Facing a financial emergency caused by a debt crisis can be overwhelming. The key here is to not press the panic button and instead deal with high debt rationally. Have a look at these steps to get the debt monkey off your back.
1) Plan Your Budget Properly
The most effective way to deal with high debt is to make more money. Think of it this way: Say you had $10,000 in credit card debt with a 15% interest rate that you plan to pay off over two years. You can save about $800 in interest costs by paying off your debt in just one year or you can negotiate a raise or find a way to earn extra income on the side. Here’s how you can break down your budget:
- Figure out how much you need for absolute essentials.
- If you’re really in dire straits, think about reducing your expenses moving to a lower-rent apartment or cutting back on cable and entertainment. Saving room for indulgences will help keep you motivated. You don’t have to stick with the same indulgences, of course, but it’ll force you to think critically about what you most value
- If your basic expenses and your two to three discretionary budgets take up more than 70% of your after-tax income, cut out the most expensive of your non-essential expenditures
- The rest of your income will go into a debt repayment fund. Have this amount direct-deposit into a special high-yield checking account that you will only use to repay your debts. Once you’ve built up an emergency fund for about four months’ worth of expenses, the rest of your income can focus on debt repayment.
2) Cut the Costs of Your Existing Debt
These are the ways in which you can lower the costs of borrowing and reduce the balance of your debt.
Use 0% credit cards – If you have good credit, you can use a 0% APR credit card to reduce the interest you’ll pay. If you have existing credit card debt, you can transfer the balance to another card. If you have other debts you can pay them off early with a 0% purchase APR credit card and then pay off the credit card during the zero interest period. Be careful not to go over the zero interest period as credit card interest rates are usually far higher than those for personal, student, or home loans.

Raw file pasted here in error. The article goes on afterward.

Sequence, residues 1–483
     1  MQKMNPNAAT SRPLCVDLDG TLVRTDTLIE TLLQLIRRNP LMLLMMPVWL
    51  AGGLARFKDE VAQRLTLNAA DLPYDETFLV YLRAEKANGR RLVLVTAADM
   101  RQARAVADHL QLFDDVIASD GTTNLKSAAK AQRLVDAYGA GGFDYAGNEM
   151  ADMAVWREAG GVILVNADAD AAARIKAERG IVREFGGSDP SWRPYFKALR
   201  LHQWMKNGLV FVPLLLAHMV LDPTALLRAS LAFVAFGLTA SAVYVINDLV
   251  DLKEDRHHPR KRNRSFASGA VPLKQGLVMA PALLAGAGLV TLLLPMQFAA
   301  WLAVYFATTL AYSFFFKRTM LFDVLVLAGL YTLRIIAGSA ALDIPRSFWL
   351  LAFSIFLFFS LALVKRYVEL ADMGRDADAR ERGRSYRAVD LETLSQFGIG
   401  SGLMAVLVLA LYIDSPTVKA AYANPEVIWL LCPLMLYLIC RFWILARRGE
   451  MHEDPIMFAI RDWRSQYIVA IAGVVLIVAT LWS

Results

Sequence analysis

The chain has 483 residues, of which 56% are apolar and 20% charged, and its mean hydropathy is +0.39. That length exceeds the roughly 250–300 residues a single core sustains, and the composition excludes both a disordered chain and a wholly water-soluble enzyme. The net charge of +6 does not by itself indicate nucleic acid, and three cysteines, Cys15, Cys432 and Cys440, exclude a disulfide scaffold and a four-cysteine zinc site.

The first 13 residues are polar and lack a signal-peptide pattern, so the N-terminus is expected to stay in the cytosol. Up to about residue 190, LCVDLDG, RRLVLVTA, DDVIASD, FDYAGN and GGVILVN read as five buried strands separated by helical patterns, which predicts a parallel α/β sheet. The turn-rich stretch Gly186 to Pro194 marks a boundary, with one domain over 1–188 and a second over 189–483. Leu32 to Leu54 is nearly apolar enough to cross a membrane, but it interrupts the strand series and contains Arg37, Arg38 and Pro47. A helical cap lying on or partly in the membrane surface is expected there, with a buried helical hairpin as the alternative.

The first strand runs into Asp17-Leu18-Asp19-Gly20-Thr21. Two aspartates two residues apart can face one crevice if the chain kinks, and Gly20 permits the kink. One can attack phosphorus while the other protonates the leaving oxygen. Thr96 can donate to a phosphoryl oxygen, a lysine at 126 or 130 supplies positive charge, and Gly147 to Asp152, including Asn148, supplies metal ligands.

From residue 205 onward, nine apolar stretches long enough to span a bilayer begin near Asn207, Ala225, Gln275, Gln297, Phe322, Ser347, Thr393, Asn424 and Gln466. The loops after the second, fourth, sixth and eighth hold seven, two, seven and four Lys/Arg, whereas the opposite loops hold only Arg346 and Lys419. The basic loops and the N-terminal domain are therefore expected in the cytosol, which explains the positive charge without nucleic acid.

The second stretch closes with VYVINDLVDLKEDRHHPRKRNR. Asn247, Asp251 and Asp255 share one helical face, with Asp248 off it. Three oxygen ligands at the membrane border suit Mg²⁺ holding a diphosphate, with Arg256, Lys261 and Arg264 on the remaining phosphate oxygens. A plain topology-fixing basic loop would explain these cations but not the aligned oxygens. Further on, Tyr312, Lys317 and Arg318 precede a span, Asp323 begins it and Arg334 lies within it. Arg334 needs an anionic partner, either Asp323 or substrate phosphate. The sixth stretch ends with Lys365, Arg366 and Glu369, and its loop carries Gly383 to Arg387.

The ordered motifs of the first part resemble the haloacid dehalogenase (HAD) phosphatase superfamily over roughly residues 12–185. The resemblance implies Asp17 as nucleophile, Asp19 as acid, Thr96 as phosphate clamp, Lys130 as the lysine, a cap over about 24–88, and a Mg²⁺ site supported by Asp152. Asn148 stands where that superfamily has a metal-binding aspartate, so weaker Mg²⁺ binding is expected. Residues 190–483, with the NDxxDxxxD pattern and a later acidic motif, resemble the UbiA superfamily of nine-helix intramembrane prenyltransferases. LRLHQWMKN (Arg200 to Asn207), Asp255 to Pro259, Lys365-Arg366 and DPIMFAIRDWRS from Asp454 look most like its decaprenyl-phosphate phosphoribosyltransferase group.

Auto Loan Debt
Consider selling. Many car loan agreements allow the lender to repossess your car if you default, without notice. If this happens, you’re on the hook for the remaining balance of the loan, as well as storage and towing costs, to get the car back. If you can’t pay, the lender might sell the car. If you think you’re going to default on the loan, you might be better off selling the car and using the money to pay off the loan. This will avoid a hit to your credit score and potentially lower the cost.
Credit Card Debt
Negotiate a better rate. Even if you don’t have perfect credit, you can try to negotiate a lower interest rate on your existing credit card debts. Tell your credit card issuer, “I need a lower interest rate, but I’d rather not leave you.
Transfer to an existing card. If one of your existing credit cards has a substantially lower interest rate than another, you can shift your debts to the lowest-rate card. Keep in mind that most cards levy a 3-5% balance transfer fee on the amount you shift. Make sure the interest rate savings are worth it.
Consider refinancing. You might be able to secure a lower rate and therefore monthly payment, by refinancing your mortgage. If you’re really struggling to make your payments, a refinance might extend the term of your loan, however, there are costs associated with refinancing, and it’s not a decision to be made lightly.
Sort out your debt by using these debt tackling strategies in the event of a debt crisis. For further debt related consultancy and essential tips to withstand a financial emergency, get in touch with your local debt consolidation expert.